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Snow, wind set to hammer area

February 03, 1998

By LISA GRAYBEAL

Staff Writer

Forecasters expected Tri-State area residents to find a couple of inches of snow on the ground this morning, and said accumulation could reach a foot by the end of the day, according to National Weather Service meteorologists.

The winter storm is expected to be accompanied by wind gusts of up to 60 mph and the extended forecast calls for wind the rest of the week, said Chris Strong, a meteorologist with the National Weather Service in Sterling, Va.

"It's going to be windy right through the storm. There's a big whirlpool of fast-moving air," he said.

Although temperatures will hover around the freezing mark, the area is expected to get mostly snow, possibly mixed with some sleet, during the day, Strong said.

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Snow is expected to taper off tonight but the storm may end with some sleet as temperatures drop to the upper 20s.

A winter storm warning was issued late Tuesday afternoon covering Washington County and west in Maryland, Fulton and Franklin counties in Pennsylvania, and West Virginia's Eastern Panhandle.

The warning put Tri-State area road crews on alert and a snow emergency was declared in Waynesboro, Pa., at midnight.

"They're prepared for the duration," said Diane Michael, a shop administrator at the Hagerstown Maintenance Complex of the Maryland State Highway Administration.

Maryland state road crews were called to report to work at midnight to run the 24 dump trucks attached to plows and loaded with salt. The 31 hired snow removal contractors in the area were put on standby, Michael said.

State road crews in West Virginia and Pennsylvania also were scheduled to report to work at midnight.

"It looks like we could get a substantial amount of snow ... But we're ready to go," said Vernon Gladden, operator at the Highways Division of the West Virginia Department of Transportation in Martinsburg.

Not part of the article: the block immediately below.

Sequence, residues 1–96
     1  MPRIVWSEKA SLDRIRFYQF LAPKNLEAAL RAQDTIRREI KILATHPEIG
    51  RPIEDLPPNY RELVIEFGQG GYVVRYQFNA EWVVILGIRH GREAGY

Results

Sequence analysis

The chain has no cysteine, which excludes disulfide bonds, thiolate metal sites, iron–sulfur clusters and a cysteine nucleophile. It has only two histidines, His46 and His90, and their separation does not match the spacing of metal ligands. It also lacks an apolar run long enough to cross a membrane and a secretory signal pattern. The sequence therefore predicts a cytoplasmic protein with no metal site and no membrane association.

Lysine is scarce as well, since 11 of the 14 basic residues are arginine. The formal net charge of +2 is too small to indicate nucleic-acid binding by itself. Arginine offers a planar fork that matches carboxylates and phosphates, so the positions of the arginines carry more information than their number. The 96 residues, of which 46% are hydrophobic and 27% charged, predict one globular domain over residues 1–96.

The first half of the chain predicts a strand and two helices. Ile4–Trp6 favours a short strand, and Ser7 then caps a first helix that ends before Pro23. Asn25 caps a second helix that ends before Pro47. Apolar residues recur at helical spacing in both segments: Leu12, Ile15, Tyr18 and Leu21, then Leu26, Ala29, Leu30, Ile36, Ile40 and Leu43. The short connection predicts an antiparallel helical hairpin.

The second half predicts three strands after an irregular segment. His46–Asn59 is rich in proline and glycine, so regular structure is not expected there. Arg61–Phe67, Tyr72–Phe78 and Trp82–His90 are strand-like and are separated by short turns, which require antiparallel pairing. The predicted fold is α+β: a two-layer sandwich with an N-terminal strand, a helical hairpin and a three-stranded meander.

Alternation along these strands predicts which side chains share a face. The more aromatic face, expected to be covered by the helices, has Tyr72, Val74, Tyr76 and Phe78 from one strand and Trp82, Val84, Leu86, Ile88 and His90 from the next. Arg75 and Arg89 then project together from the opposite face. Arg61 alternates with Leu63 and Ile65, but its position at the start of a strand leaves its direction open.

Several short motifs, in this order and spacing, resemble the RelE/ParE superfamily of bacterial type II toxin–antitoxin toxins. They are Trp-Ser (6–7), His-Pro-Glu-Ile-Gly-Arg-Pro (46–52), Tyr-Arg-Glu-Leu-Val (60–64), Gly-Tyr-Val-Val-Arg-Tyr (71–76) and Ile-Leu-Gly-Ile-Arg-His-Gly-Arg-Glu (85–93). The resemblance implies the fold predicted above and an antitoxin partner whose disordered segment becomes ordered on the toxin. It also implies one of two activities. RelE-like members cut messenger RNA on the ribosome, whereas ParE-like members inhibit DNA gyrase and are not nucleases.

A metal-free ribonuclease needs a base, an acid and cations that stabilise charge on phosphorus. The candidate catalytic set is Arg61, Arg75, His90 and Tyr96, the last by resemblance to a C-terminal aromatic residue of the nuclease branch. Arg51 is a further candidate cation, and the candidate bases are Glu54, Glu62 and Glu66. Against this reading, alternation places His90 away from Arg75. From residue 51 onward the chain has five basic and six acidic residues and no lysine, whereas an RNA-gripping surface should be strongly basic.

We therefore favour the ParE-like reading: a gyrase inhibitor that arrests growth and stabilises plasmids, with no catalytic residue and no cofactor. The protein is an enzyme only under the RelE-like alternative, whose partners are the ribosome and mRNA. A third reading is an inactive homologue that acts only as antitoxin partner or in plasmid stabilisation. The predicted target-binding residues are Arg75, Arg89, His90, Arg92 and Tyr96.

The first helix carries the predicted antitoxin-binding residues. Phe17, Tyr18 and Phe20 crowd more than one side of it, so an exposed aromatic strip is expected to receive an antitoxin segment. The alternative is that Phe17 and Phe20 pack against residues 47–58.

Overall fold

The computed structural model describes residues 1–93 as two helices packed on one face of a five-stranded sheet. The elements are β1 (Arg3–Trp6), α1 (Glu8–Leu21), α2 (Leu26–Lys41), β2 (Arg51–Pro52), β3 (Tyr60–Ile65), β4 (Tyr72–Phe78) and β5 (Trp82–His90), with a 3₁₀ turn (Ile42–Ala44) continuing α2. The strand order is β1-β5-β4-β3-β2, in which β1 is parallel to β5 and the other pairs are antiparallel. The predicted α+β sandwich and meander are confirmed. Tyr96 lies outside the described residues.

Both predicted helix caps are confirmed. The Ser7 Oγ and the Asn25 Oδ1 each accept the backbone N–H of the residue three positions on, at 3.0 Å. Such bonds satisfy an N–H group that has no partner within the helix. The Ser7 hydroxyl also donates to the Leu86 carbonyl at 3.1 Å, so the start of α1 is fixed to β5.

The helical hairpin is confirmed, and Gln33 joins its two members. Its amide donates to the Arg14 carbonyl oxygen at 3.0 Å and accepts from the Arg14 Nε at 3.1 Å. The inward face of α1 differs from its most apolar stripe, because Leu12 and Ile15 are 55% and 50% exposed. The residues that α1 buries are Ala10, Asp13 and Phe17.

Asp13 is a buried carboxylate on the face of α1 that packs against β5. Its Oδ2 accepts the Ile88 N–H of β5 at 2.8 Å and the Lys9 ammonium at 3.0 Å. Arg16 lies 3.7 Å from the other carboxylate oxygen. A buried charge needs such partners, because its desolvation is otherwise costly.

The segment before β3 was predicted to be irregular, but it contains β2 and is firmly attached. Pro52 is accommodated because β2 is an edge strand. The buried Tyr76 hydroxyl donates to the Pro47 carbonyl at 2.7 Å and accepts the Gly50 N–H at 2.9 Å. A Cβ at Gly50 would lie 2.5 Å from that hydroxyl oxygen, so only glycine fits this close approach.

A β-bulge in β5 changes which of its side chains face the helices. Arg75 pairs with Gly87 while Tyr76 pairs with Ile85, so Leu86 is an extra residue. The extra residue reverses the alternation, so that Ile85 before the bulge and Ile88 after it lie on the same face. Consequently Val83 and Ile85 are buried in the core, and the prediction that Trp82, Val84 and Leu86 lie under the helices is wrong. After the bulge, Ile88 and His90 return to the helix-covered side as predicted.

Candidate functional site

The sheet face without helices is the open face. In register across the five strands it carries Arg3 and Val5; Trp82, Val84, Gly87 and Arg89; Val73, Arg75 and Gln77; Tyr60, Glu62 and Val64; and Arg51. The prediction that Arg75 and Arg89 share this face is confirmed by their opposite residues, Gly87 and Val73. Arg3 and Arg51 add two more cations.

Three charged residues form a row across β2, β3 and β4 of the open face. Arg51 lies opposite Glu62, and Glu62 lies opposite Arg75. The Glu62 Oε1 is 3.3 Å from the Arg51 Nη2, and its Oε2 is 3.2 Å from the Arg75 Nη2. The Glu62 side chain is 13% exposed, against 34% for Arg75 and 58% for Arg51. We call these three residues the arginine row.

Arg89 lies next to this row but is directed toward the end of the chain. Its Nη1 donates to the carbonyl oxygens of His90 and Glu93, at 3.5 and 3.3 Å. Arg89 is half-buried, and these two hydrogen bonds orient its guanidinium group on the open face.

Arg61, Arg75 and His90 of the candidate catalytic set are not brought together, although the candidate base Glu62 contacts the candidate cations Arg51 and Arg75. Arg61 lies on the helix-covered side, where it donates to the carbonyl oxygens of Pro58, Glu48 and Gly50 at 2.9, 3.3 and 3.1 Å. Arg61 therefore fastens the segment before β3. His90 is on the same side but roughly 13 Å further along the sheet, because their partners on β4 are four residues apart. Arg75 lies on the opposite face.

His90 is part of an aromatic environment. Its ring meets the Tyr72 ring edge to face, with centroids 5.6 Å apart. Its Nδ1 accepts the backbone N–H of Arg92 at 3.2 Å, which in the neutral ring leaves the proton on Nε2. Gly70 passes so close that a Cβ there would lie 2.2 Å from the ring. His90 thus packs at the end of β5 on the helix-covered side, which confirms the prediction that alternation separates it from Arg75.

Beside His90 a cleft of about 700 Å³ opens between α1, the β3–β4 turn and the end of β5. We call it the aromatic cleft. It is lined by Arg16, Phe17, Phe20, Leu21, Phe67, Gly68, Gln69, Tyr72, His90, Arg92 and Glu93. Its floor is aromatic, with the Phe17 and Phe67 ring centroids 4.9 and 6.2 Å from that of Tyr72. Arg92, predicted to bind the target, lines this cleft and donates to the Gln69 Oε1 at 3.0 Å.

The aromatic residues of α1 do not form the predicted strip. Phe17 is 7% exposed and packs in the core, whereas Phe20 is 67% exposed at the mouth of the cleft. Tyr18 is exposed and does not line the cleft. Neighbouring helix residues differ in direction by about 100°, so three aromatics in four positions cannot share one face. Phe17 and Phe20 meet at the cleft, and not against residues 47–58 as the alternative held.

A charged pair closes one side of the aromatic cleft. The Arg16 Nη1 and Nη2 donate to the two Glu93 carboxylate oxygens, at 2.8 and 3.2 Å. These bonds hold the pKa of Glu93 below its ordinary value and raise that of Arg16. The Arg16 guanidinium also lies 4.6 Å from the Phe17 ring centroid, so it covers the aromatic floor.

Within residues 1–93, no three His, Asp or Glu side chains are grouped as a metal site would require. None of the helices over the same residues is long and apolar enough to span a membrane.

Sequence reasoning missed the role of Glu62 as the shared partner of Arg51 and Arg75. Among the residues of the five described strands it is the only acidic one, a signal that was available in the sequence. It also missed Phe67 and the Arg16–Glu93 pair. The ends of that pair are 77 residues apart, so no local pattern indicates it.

Amid reports that the area could get 8 to 12 inches of snow, the trucks in Hagerstown were loaded with salt Tuesday, said Doug Stull, public works manager.

Waynesboro, Pa., Mayor Louis Barlup announced a snow emergency in the borough at 8 p.m. Tuesday to give people the opportunity to move their vehicles before the snow began to fall, he said.

"We want to be ready for it when it comes," Barlup said.

A snow emergency in Waynesboro means vehicles parked on Main Street between Clayton Avenue and Fairview Avenue, and on South Potomac Street from West Main Street to Second Street must be removed or be subject to a fine and possible towing at the cost of the owner.

In response to the forecast, the Maryland Emergency Management Agency issued a release Tuesday night urging residents to monitor the progress of the storm closely, particularly those who live in areas that could experience flooding or high winds.

The storm, approaching the area from the southeast and moving up the coast, was difficult to track because it is slow-moving and the outcome is tough to call since temperatures fluctuate, said John LaCorte, meteorologist at the National Weather Service in State College, Pa.

While Western Maryland and Southcentral Pennsylvania likely will see snow, points east are expected to get large amounts of rain with the storm.

Maryland's Eastern Shore could get hit with winds gusting to 70 mph and heavy surf throughout the storm, according to the National Weather Service.

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